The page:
Govt struggles to keep up with hemophilia costs

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The government needs time to begin covering all medical costs for hemophilia patients, like other countries and regions do, said Wu Runhui, a hematology specialist with the Beijing Children's Hospital.

Govt struggles to keep up with hemophilia costs

China's huge population and its lack of doctors who can diagnose and treat the disease makes the mission quite difficult, she said.

But she conceded international experience has shown that without strong government support, the problem of hemophilia, whose sufferers need lifelong, expensive treatments, can hardly be addressed.

Also, "to invest in hemophilia treatments, particularly the preventive kind among child sufferers, is a smart choice by health economics standards, because the patients would live as normal and make contributions to the society with adequate medical care", she said.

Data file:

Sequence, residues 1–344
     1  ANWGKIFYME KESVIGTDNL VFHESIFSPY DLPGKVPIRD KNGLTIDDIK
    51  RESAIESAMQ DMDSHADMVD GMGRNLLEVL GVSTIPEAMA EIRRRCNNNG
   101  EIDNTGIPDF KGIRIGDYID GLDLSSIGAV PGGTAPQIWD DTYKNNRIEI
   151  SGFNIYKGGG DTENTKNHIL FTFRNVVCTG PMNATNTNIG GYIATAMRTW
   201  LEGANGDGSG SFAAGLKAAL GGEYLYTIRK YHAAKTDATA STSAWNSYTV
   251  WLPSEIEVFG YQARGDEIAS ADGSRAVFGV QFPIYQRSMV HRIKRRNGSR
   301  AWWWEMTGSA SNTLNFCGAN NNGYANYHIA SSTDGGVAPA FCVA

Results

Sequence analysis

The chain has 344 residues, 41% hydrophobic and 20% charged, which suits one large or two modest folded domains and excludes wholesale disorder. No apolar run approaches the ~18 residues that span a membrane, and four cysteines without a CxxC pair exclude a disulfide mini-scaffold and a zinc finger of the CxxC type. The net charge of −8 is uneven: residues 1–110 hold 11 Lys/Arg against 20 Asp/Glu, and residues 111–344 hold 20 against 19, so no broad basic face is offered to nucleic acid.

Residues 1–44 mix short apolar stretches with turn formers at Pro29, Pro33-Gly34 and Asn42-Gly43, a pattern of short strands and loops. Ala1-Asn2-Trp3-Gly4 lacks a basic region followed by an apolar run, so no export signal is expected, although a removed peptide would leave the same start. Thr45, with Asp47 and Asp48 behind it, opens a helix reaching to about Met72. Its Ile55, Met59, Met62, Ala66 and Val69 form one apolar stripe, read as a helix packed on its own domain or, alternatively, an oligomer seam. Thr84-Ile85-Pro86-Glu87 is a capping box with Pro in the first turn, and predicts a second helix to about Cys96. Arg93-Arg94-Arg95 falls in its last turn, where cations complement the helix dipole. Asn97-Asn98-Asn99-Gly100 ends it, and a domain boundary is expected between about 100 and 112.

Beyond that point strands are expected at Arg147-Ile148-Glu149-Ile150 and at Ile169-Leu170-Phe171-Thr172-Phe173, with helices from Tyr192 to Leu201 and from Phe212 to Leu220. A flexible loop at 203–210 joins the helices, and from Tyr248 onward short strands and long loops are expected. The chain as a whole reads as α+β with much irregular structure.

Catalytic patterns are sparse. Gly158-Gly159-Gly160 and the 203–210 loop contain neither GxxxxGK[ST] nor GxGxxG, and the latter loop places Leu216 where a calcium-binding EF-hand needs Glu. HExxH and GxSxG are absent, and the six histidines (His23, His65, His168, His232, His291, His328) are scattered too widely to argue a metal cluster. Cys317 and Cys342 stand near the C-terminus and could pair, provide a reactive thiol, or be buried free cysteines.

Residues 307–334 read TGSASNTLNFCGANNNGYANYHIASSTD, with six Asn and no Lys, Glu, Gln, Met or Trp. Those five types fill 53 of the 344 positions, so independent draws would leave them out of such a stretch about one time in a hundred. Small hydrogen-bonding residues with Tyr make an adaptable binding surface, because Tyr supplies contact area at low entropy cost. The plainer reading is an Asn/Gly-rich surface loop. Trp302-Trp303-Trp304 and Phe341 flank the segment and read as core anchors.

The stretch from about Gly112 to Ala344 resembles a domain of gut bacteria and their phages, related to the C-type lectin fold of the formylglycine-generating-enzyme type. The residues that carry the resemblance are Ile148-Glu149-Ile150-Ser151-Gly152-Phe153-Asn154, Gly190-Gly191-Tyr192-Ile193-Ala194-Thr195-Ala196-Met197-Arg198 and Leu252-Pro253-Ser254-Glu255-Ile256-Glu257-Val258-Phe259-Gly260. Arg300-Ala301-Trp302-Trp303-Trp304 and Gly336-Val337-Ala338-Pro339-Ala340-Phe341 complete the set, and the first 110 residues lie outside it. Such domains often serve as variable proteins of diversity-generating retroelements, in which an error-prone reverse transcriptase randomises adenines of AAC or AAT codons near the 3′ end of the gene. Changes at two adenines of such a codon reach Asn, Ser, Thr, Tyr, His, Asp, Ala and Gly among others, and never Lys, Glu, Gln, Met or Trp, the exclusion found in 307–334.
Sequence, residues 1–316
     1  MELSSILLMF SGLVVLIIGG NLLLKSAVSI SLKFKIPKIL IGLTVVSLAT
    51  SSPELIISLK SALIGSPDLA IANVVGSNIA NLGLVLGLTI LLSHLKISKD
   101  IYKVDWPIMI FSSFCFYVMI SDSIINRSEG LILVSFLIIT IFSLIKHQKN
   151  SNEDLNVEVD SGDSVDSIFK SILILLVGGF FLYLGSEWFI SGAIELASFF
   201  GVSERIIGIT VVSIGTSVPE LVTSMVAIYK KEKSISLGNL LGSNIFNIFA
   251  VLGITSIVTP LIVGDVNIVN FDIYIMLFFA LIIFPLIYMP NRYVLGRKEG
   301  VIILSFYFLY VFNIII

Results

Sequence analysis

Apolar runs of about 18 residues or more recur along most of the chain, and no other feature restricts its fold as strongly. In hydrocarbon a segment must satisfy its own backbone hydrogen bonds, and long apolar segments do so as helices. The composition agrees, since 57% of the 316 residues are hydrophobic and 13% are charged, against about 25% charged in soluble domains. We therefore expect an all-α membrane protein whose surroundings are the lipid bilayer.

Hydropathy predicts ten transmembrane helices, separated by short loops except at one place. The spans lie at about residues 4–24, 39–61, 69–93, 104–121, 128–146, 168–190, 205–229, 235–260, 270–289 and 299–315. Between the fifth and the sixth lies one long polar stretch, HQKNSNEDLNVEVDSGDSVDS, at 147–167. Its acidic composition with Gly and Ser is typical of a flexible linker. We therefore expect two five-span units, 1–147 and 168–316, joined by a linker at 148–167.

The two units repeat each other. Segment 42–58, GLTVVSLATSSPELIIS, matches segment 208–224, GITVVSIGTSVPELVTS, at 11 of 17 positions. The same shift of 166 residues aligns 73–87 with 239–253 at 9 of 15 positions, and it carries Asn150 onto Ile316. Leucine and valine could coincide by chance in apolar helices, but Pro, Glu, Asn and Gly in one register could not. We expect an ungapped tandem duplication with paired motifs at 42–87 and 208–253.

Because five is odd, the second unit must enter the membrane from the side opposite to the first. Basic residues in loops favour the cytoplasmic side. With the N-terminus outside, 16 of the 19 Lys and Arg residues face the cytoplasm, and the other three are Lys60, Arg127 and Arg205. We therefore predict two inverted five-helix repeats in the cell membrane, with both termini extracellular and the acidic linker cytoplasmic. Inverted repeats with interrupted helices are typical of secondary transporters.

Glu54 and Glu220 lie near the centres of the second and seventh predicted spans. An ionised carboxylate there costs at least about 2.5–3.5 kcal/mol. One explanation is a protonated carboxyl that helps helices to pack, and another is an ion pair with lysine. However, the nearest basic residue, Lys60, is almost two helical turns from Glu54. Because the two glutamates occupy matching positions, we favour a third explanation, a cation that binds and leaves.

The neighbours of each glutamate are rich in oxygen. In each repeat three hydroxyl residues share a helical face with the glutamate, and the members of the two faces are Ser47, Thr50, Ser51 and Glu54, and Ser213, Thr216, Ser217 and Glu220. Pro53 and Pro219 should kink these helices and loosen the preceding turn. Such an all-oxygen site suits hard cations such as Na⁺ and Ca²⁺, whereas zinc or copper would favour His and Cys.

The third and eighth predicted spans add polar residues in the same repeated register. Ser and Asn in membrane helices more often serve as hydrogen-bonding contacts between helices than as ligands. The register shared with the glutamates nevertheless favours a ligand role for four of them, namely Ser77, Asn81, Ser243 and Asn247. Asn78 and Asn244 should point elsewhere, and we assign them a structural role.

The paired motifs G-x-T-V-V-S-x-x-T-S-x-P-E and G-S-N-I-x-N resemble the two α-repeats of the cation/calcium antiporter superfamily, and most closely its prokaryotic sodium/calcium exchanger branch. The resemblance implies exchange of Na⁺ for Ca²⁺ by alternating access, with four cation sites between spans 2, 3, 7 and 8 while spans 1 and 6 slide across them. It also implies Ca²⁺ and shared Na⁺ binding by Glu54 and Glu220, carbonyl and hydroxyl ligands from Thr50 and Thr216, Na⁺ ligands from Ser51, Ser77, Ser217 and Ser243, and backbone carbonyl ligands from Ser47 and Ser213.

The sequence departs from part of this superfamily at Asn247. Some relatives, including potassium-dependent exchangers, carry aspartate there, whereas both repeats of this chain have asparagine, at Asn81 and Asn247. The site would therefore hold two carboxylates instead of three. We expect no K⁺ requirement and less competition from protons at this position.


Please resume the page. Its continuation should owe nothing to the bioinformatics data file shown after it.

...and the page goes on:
China now has about 130,000 mainlanders suffering from hemophilia, with a prevalence of one in 10,000 in the general population, experts have estimated.

However, less than 5 percent of them have been diagnosed and treated, official statistics showed.

Without treatment, the incurable disease can cause crippling pain, severe joint damage, disability and early death, according to the World Federation of Hemophilia.

Most of the Chinese patients end up in wheelchairs and die young, Wu said.

A recent epidemiology study in India showed the average life span for severe hemophilia patients in the country was around 30 years.

"I think that's similar to China's situation," Wu said.

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